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Marco Rubio, Horatio Alger, and the Republican-Donor Version of Class Warfare

Jeb Bush may be inevitable, but what self-made billionaire wants to bet on an entitled sure thing?
U.S. Sen. Marco Rubio (R-FL) speaks during a National Press Club Newsmaker Luncheon May 13, 2014 in Washington, DC.

U.S. Sen. Marco Rubio (R-FL) speaks during a National Press Club Newsmaker Luncheon May 13, 2014 in Washington, DC.

Photo by Alex Wong/Getty Images

Marco Rubio's core political narrative begins with his grandfather, a man he called Papá, who was born in rural Cuba and contracted polio as a child. He spent most of his adult life as a laborer, struggling to provide for his seven daughters. In his older years, he’d hold court over his young grandson from an aluminum lawn chair, smoking a cigar, and telling stories about history and politics and baseball and what could have been.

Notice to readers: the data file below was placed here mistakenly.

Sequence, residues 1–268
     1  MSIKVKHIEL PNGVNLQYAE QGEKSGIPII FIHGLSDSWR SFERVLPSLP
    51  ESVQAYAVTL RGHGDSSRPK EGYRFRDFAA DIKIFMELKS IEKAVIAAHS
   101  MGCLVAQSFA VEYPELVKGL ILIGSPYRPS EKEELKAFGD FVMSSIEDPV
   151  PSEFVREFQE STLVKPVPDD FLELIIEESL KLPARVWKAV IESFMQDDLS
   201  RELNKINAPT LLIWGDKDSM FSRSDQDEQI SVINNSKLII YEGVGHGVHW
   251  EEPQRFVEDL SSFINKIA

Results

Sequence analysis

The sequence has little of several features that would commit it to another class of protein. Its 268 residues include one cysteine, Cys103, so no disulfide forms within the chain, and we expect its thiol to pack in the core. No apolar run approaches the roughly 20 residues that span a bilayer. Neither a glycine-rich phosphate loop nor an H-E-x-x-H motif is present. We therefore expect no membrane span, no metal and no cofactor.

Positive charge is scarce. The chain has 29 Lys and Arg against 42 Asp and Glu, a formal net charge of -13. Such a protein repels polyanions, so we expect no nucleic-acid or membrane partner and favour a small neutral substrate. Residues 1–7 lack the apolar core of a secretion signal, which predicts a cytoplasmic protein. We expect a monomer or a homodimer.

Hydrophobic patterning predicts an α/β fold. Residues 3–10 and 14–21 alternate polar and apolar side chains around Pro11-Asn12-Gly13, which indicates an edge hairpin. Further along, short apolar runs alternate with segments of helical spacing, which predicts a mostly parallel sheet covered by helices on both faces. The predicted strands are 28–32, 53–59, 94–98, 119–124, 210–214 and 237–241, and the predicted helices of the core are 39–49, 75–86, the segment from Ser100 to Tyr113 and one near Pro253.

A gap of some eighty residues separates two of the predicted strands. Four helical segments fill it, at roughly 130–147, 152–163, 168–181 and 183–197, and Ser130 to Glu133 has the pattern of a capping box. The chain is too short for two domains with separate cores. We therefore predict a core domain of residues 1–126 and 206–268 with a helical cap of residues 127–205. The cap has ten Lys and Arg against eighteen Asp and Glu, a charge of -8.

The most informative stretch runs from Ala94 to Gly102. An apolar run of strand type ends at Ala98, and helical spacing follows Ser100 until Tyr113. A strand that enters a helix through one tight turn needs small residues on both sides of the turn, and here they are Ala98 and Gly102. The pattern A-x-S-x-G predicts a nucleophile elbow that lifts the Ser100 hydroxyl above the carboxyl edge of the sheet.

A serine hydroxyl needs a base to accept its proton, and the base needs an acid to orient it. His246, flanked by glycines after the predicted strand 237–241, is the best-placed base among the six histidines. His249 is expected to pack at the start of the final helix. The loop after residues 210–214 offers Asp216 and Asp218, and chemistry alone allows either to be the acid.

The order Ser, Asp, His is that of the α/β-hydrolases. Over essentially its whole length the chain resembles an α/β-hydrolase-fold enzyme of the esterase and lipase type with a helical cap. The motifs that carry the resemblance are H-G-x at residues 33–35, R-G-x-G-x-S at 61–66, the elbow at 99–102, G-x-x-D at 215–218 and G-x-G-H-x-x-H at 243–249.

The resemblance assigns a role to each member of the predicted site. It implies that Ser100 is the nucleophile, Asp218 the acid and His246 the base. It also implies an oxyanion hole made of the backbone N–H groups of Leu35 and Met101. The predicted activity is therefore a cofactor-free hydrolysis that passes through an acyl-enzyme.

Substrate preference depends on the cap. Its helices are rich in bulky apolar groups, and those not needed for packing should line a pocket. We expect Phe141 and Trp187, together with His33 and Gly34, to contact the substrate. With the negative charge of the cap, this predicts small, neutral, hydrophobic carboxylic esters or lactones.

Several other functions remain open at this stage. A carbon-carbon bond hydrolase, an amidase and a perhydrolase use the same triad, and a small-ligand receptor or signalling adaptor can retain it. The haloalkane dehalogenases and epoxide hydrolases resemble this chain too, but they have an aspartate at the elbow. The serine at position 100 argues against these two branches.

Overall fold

Papá had pictured himself as the leader of a government or company, Rubio writes in the opening passage of his book, American Dreams, but he wasn’t politically connected or wealthy. As his grandfather lay dying, Rubio held his hand and made a promise: “I was going to study. I was going to make something of myself. I would not waste the opportunity I had to achieve my dreams.”